Perception of Time Blog 3: Why programs designed by futures don’t work

This is our third blog on time orientation. The idea for these three blogs came from the book: “The Time Paradox” by Zimbardo and Boyd. We want to give these authors credit for their insight into time perspectives. Their theories have helped us at Smart Work Ethics better explain why our programs work.
Many of you spend your valuable time and money providing programs to help our youth live better lives. You may be frustrated because these programs do not get the results you want. Our youth “sit thorough” the program and nothing changes. Why don’t they listen?
Many of our programs designed to help our youth move from the present time orientation of childhood to the more future orientation of adulthood are designed by futures. Only a future has the vision to think about the many ways we can help our youth have better lives. Only a future will have the ability to create a program and put that program into action.
There is one problem. Futures often forget that the youth are not motivated the same way that they are. Futures consider future consequences. Futures understand the value of planning ahead. Negative consequences help futures modify their behavior. Fear of future consequences is important to futures.  Goals help futures work for a better tomorrow.
A person living in the present is not moved by the same logic that motivates a future. A present might think: “If I am not being punished right now, I don’t need to worry about it.” This is why teenagers are so frustrating to adults. Teens think, feel and act like they will live forever. People who live in the present listen more to feelings and emotions and not thinking and logic.
People with a future orientation can hear information and act on it. People with a present orientation need more help to incorporate the information into their lives. They need to learn how to project themselves into the future but not just any future – a future worth living.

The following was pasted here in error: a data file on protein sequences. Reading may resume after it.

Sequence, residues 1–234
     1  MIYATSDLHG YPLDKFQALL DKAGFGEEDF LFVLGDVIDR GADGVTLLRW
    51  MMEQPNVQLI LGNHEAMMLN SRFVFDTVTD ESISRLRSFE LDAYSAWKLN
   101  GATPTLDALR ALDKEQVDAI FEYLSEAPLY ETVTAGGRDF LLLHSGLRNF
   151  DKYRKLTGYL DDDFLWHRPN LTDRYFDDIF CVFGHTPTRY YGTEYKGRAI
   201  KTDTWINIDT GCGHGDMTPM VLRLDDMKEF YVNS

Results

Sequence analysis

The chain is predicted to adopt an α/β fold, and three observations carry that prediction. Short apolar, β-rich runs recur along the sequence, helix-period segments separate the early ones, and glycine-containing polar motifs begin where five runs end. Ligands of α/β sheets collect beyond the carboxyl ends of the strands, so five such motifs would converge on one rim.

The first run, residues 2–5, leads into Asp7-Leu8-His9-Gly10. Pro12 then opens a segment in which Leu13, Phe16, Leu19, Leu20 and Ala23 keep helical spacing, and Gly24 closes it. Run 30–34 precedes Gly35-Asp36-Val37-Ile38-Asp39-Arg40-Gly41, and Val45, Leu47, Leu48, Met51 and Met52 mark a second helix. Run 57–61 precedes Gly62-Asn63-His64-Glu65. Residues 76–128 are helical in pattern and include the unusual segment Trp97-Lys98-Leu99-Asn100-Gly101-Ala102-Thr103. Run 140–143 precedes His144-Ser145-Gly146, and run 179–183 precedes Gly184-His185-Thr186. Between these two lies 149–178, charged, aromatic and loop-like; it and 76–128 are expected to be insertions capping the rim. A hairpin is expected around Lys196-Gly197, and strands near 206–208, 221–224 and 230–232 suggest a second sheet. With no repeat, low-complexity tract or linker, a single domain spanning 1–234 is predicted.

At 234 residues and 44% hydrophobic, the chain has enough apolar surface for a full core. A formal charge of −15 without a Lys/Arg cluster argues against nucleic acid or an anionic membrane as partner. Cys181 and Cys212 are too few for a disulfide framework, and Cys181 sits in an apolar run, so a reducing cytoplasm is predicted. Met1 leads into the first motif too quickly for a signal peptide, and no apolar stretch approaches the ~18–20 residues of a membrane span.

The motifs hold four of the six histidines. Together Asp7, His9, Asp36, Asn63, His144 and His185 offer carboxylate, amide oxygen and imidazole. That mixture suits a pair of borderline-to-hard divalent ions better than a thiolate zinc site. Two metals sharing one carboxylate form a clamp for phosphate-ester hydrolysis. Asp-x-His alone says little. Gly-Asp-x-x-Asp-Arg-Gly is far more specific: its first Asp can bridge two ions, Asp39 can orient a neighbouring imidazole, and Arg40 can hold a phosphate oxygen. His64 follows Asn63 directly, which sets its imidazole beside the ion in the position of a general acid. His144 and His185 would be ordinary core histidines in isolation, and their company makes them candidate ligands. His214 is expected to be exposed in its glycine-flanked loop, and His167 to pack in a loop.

So, how do we help these present oriented youth?
First of all we have high expectations for them. We believe youth can succeed if given the right opportunity.
Second we give them specific techniques to help them consider the future. For example, we use a time management plan that considers different types of personalities so that each person can create their own time management plan. Most time management programs are designed by people who are good at time management and enjoy it. These programs work best for one of the four personality types (golds) and not as well for the other three types.
Finally, we ask our students to practice thinking about the future in a non threatening way. And we ask them to do this over and over and over again. Changing a time perspective takes time, patience and practice.
We want to thank Philip Zimbardo and John Boyd. If you enjoyed our blogs you will enjoy their book: “The Time Paradox.”

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